‘Vulnerable’ naira falls ahead of NBS ‘official recession report’ – The Cable

Naira opened weak on Monday as Nigeria awaits the official gross domestic product (GDP) report from the National Bureau of Statistics (NBS), which will declare Nigeria’s recession position.

The NBS is billed to release the official report on August 31,and it is expected to confirm how deeply Nigeria has slid into recession, following a 0.36 percent slip in the first quarter of 2016.

The naira opened at 413 to the dollar at the parallel market, while the interbank market rate spiked from its closing 315.25 on Friday to 319.25 on Monday morning.

The British pound and the Euro went for N530 and N455 on Monday at the parallel market.

Lukman Otunuga, FXTM research analyst, said the Nigerian government showed resilience by approving the “three-year budget plan despite concerns remaining elevated over slowing growth which weighed heavily on sentiment”.

“The Federal Executive Council (FEC) has approved the medium-term expenditure framework (MTEF) and Fiscal strategic paper (FSP) for 2017-2019, which could be seen as a blueprint on how the nation plans to recover in this period of uncertainty,” Otunuga said.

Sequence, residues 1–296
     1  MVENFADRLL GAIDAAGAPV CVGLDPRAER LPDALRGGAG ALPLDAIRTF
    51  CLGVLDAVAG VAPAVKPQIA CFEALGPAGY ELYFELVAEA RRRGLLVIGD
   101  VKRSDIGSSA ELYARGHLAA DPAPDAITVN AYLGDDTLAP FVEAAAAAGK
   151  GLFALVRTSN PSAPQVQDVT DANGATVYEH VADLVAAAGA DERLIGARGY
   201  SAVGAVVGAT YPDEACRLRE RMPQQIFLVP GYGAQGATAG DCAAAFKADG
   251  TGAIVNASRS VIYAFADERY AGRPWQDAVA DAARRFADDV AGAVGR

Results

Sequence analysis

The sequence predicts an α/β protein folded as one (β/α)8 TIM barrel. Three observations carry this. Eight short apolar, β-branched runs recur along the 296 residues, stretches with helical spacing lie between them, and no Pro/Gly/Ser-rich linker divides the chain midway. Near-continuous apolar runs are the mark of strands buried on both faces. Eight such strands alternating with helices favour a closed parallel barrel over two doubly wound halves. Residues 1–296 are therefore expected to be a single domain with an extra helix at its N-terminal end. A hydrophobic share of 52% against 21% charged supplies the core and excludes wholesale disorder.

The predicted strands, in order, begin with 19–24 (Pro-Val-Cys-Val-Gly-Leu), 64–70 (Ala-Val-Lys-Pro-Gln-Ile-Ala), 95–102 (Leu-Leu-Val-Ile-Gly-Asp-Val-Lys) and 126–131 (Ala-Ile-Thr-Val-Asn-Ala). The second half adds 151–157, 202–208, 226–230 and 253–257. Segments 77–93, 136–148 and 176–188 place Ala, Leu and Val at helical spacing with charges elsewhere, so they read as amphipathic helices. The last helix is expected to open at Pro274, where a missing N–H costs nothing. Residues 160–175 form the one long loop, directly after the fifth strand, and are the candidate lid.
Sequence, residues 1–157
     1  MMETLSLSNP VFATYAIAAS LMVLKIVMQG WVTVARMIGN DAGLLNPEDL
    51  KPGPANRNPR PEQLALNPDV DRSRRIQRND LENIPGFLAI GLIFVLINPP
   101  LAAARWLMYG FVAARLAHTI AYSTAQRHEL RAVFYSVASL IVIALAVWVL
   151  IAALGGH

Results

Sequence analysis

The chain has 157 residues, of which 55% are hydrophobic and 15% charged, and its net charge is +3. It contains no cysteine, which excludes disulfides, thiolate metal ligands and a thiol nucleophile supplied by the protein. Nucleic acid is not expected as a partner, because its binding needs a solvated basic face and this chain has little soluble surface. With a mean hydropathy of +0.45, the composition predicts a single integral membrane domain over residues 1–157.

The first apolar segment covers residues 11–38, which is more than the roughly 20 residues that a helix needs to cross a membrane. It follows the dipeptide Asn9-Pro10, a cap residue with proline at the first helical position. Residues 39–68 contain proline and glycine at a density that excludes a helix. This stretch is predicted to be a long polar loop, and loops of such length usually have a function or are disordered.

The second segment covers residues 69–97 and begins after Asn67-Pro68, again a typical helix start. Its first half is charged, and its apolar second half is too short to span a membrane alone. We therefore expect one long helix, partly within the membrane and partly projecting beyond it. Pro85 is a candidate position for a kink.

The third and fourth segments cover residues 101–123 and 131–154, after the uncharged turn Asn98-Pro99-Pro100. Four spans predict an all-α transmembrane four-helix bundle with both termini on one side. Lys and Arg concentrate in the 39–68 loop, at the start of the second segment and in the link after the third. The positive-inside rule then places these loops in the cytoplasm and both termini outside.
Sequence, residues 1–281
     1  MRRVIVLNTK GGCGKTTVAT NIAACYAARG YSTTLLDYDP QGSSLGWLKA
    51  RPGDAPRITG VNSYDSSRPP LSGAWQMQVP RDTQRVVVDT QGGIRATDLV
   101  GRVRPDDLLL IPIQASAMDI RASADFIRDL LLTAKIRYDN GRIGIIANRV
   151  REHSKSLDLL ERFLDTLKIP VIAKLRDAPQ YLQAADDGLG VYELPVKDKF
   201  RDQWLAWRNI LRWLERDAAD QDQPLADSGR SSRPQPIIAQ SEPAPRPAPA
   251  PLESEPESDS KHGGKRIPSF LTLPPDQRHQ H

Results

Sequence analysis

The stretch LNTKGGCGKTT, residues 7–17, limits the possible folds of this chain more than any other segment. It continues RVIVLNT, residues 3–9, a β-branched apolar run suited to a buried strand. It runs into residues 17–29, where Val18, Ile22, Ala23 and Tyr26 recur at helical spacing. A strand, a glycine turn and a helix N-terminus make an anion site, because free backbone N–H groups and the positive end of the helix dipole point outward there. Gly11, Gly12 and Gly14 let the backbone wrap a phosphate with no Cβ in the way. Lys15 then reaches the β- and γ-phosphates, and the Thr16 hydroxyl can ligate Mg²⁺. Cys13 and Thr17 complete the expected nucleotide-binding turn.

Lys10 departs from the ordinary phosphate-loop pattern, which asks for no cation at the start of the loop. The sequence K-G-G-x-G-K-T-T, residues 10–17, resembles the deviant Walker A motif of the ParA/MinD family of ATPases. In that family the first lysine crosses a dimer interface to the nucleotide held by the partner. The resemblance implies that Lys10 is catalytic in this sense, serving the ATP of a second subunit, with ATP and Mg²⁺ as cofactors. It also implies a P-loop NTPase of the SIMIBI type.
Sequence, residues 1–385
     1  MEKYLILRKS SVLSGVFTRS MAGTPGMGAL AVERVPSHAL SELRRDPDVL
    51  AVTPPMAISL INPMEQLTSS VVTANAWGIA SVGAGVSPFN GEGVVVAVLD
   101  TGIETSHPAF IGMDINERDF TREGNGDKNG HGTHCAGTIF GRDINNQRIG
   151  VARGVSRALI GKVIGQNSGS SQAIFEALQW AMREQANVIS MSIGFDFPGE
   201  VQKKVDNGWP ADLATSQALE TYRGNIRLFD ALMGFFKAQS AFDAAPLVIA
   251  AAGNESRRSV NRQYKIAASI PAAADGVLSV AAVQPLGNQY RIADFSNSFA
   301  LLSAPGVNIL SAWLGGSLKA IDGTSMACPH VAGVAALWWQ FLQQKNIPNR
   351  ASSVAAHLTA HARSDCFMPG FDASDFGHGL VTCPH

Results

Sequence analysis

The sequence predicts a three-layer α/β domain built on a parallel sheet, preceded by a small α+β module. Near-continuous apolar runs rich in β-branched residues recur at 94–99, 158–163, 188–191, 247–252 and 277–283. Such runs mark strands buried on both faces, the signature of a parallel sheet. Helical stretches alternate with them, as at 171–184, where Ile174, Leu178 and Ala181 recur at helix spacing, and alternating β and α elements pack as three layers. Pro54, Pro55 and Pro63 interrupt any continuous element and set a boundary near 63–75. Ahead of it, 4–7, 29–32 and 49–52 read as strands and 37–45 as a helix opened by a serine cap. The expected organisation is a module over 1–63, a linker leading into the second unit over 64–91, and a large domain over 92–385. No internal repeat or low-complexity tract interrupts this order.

“With low oil prices seriously punishing Nigeria, the Federal Government may have been forced to adopt a conservative approach in the three-year project.

“The Federal Government has fixed average prices of oil per barrel at $42.5 for 2017 with 2.2 million barrels of crude created daily. Growth rate was also targeted to 3% in 2017 and 4.26% in 2018 as the nation embarked on the journey to diversification.”

Otunuga added that the NBS GDP report may heavily influence investors, and render the naira vulnerable.

“While some optimism could be felt from the approval of the three-year budget, investors may heavily focus on the second quarter GDP report, which will be released on the 31st of August and which may offer clarity on how the economy is faring.

“Fears of a recession still linger and a second quarter GDP which fails to meet expectations could dent sentiment further consequently leaving the Naira vulnerable to heavy losses.”